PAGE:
Website: https://www.fs.usda.gov/boise

Overview

Boise National Forest is famous for its gold rush ghost towns and hot springs along the South Fork of the Payette River.  The best way to explore this National Forest is by stopping along three scenic byways: Ponderosa Pine (Highway 21), Wildlife Canyon (Highway 24), and Payette River (Highway 55) Scenic Byways.  Ghost towns dating back to the 1860s include Atlanta, Banner, Brummer, Graham, Pioneerville, Quartzburg, Thunder, and the more-developed Idaho City.

Highlights

Sawtooth National Recreation Area, Payette River Scenic Byway, Big Falls, Ponderosa Pine Scenic Byway, Kirkham Hot Springs, Sage Hen Reservoir, Dagger Falls, Atlanta ghost town, Trinity Recreation Area, Ardeth Lake, Velvet Falls, Kirkham Ridge Trail, Idaho Centennial Trail

Must-Do Activity

Starting in Boise, Idaho, the Ponderosa Pine Scenic Byway (Highway 21) leads 131 miles northeast through Boise National Forest.  Be sure to stop (and try some delicious huckleberry ice cream) in Idaho City, where wooden board sidewalks and unpaved streets take you back to the gold rush era.  Ponderosa Pine Scenic Byway continues to Lowman where it follows the South Fork of the Payette River past the campgrounds at Kirkham and Bonneville Hot Springs (reservations recommended) and up to 7,056-foot Banner Summit at the boundary with Challis National Forest.

Best Trail

Located just three miles east of Highway 55 and Lake Cascade along paved Warm Creek Road is the Eagle Nest Trail.  Look for the parking pullout on the south side of the road across from the big rock that marks the entrance to the Eagle Nest neighborhood.  After crossing the road, the Eagle Nest Trail steadily climbs (from 4,850 to 6,050 feet in the first 2.5 miles) and occasionally opens up for views of the mountains above Cascade Lake.  Located further south, Fool Creek Trail drops 2,728 feet in 4.1 miles to the Middle Fork of the Payette River.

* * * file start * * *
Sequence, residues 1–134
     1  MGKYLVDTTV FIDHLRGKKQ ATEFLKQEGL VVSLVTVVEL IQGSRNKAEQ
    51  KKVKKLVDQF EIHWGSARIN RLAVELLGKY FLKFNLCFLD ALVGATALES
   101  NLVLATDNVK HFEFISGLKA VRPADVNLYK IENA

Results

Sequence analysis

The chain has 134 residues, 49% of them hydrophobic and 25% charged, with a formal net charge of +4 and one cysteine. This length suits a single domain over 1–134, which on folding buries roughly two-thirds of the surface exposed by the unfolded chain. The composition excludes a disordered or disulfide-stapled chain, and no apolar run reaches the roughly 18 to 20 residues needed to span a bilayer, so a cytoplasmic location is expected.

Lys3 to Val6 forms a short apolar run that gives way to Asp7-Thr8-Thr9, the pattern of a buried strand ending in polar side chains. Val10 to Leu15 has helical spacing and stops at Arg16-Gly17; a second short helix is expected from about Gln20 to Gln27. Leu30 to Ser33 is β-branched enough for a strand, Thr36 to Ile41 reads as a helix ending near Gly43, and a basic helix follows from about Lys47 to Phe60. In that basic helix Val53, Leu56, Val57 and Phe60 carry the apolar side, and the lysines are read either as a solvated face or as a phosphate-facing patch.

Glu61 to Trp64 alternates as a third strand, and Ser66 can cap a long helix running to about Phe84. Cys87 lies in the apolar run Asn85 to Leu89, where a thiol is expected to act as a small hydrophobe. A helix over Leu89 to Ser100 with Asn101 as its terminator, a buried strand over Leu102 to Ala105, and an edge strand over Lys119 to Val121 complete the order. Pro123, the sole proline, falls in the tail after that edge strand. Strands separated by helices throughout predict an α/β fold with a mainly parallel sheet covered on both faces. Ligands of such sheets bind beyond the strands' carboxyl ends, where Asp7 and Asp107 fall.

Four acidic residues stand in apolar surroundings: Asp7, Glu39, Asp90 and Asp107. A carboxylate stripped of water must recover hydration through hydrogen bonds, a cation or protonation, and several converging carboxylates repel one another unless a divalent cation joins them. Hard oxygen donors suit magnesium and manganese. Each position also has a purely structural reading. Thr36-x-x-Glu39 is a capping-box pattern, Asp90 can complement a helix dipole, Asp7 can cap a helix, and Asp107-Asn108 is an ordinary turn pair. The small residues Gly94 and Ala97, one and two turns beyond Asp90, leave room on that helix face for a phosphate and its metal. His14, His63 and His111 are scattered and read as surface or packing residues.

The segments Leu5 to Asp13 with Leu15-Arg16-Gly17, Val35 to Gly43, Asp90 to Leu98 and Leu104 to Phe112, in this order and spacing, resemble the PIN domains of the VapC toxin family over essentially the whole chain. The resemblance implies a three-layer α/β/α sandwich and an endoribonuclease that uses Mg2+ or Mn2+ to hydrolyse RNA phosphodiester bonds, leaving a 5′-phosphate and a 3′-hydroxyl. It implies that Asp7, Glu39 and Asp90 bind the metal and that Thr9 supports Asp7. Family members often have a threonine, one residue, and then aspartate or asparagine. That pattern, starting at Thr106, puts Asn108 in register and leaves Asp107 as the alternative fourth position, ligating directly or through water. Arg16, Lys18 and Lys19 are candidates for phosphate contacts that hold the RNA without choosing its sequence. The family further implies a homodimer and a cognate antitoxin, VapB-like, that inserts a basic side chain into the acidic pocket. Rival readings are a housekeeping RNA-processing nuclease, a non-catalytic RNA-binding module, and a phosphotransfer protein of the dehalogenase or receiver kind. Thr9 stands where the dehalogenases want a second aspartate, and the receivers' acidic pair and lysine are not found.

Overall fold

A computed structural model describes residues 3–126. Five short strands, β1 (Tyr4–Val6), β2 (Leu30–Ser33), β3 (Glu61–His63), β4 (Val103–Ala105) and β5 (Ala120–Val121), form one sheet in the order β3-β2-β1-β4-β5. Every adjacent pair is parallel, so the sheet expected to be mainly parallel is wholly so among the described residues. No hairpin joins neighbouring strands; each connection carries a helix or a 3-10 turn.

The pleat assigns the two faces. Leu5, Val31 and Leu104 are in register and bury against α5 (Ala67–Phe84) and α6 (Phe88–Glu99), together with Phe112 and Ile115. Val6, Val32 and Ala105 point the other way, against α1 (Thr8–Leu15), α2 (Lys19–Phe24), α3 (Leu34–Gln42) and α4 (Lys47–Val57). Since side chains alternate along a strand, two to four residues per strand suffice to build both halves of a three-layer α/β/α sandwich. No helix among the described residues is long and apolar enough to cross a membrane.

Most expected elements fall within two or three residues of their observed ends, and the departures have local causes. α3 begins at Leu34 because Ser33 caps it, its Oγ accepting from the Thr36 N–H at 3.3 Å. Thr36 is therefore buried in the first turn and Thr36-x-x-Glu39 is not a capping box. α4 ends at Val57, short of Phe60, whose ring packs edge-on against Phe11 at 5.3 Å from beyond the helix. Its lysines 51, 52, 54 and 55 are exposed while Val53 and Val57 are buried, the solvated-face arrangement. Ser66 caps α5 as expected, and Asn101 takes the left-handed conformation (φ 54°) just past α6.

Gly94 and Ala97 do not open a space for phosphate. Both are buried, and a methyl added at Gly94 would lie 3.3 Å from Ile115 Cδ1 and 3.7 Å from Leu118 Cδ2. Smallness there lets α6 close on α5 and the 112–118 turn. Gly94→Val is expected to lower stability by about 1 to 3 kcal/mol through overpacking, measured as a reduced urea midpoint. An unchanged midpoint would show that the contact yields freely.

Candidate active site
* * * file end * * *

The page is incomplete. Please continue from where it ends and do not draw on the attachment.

Watchable Wildlife

On a smoky September morning on the Eagle Nest Trail, we saw fresh turkey and mule deer prints in the dirt.  Other common large animals include elk, moose, pronghorns, coyotes, and black bears.  At higher elevations watch for mountain goats, pikas, and yellow-bellied marmots.  In addition to several trout species, chinook and sockeye salmon migrate up the Columbia and Snake Rivers.  Non-migratory Kokanee salmon are native to Warm Lake, plus introduced into Anderson Ranch, Arrowrock, Lucky Peak, and Deadwood Reservoirs.  

Instagram-worthy Photo

In Sawtooth National Recreation Area, 10,190-foot Mt. Regan stands at the south end of Sawtooth Lake marking the boundary between Challis and Boise National Forests.

Peak Season

Summer

Fees